Welcome to CDC Stacks | Outpatient parenteral antimicrobial therapy (OPAT) practices among adult infectious disease physicians - 30132 | CDC Public Access
Stacks Logo
Advanced Search
Select up to three search categories and corresponding keywords using the fields to the right. Refer to the Help section for more detailed instructions.
 
 
Help
Clear All Simple Search
Advanced Search
Outpatient parenteral antimicrobial therapy (OPAT) practices among adult infectious disease physicians
Filetype[PDF - 528.60 KB]


Details:
  • Pubmed ID:
    24915212
  • Pubmed Central ID:
    PMC4180108
  • Description:
    Objective

    To identify current outpatient parenteral antibiotic therapy practice patterns and complications.

    Methods

    We administered an 11 question survey to adult infectious disease physicians participating in the Emerging Infections Network (EIN), a CDC-sponsored sentinel event surveillance network in North America. The survey was distributed electronically or via facsimile in November and December 2012. Respondent demographic characteristics were obtained from EIN enrollment data.

    Results

    Overall, 555 (44.6%) of EIN members responded to the survey with 450 (81%) indicating they treated ≥ 1 patient with OPAT during an average month. ID consultation was reported to be required for a patient to be discharged on OPAT by 99 (22%) respondents. Inpatient (282/449; 63%) and outpatient (232/449; 52%) ID physicians were frequently identified as being responsible for monitoring lab results. Only 26% (118/448) had dedicated OPAT teams at their clinical site. Few ID physicians have systems to track errors, adverse events or “near-misses” associated with OPAT (97/449; 22%). OPAT complications were perceived to be rare. Among respondents, 80% reported line occlusion/clotting as the most common complication (occurring in ≥6% of patients), followed by nephrotoxicity and rash (each reported by 61%). Weekly lab monitoring of patients on vancomycin was reported by 77% (343/445) of respondents; whereas 19% (84/445) of respondents reported twice weekly lab monitoring for these patients.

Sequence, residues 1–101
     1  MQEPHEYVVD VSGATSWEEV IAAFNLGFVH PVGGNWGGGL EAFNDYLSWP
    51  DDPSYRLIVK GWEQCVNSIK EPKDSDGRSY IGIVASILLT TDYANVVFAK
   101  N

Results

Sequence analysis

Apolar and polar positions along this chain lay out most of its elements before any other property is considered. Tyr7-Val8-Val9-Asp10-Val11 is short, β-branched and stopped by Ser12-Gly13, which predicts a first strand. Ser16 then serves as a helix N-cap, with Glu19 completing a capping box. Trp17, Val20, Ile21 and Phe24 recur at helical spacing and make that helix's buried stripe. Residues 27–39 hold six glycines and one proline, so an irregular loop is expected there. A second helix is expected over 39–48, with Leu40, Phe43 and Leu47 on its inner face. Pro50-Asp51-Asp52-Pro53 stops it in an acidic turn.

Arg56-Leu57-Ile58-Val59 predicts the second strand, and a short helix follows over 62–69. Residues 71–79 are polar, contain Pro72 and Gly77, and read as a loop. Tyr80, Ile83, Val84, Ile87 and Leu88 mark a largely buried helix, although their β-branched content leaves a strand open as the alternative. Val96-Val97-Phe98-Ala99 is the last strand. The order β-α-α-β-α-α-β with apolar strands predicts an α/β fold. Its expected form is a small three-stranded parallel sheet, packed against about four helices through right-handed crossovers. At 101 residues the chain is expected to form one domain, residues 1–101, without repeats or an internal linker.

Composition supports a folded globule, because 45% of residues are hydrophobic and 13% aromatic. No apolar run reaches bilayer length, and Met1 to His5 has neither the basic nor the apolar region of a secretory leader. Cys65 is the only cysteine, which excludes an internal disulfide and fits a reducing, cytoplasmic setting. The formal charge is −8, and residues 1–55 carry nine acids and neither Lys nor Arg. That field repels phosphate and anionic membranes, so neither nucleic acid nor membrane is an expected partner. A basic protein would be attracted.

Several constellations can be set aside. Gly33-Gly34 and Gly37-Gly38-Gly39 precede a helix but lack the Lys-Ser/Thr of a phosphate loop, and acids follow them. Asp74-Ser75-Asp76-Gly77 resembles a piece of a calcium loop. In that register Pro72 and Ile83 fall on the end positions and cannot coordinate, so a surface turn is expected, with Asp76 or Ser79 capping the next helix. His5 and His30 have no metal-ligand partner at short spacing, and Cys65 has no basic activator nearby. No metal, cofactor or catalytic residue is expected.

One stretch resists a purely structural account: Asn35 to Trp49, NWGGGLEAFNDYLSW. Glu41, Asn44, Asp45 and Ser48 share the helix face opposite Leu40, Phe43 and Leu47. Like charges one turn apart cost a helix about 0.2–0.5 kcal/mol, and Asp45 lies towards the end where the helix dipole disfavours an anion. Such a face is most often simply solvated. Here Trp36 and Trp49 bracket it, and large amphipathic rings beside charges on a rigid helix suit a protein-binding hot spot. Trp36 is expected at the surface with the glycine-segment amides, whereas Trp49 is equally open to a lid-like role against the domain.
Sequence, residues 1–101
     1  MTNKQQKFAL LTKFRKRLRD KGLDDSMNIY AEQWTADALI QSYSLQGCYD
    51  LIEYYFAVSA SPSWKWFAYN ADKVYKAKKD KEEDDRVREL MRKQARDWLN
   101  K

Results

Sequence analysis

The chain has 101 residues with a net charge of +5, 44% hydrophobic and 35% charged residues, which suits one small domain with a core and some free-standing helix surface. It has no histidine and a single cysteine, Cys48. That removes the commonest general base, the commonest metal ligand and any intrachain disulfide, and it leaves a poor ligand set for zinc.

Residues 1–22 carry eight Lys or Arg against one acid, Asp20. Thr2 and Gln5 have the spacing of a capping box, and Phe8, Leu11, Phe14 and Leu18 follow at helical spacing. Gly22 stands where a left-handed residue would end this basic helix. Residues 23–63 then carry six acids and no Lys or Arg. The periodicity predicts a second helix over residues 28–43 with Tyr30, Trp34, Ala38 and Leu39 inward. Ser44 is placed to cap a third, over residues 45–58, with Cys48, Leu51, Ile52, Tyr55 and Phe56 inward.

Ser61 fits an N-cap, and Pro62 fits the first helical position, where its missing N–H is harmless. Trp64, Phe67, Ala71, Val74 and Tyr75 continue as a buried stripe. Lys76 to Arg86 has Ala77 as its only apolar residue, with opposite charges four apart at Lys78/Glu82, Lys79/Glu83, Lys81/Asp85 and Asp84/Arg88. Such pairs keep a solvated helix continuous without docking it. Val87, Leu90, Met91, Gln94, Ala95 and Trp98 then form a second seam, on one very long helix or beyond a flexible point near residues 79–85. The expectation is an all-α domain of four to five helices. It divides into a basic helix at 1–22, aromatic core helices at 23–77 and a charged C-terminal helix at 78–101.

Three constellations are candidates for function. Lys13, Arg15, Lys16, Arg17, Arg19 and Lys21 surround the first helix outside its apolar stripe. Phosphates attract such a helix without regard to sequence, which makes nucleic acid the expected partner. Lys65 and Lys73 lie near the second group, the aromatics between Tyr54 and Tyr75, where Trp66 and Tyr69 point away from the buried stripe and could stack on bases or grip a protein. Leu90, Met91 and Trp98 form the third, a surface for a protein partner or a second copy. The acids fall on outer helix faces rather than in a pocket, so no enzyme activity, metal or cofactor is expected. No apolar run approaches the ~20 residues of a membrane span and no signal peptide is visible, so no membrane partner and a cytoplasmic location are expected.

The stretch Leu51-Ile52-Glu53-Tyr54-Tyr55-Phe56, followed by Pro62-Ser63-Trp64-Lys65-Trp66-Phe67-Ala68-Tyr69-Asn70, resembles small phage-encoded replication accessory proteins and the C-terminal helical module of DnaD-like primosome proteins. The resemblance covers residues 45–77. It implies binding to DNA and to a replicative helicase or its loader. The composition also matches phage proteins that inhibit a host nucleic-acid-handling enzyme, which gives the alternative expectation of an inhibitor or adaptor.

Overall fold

Conclusions

    Although utilization of OPAT is common, there is significant variation in practice patterns. More uniform OPAT practices may enhance patient safety.

  • Document Type:
  • Collection(s):
  • Funding:
    1U50CK000187/CK/NCEZID CDC HHS/United States
    5K12HD001459-13/HD/NICHD NIH HHS/United States
    CU54 CK 000162/CK/NCEZID CDC HHS/United States
    KL2 TR000136/TR/NCATS NIH HHS/United States
    KL2 TR000450/TR/NCATS NIH HHS/United States
    KL2 TR000450/TR/NCATS NIH HHS/United States
    KL2RR024994/RR/NCRR NIH HHS/United States
    KM1CA156708/CA/NCI NIH HHS/United States
    L30 AR063363/AR/NIAMS NIH HHS/United States
    L30 AR063363/AR/NIAMS NIH HHS/United States
    UL1 RR024992/RR/NCRR NIH HHS/United States
    UL1 TR000448/TR/NCATS NIH HHS/United States
    UL1 TR000448/TR/NCATS NIH HHS/United States
    UL1RR024992/RR/NCRR NIH HHS/United States
No Related Documents.
You May Also Like: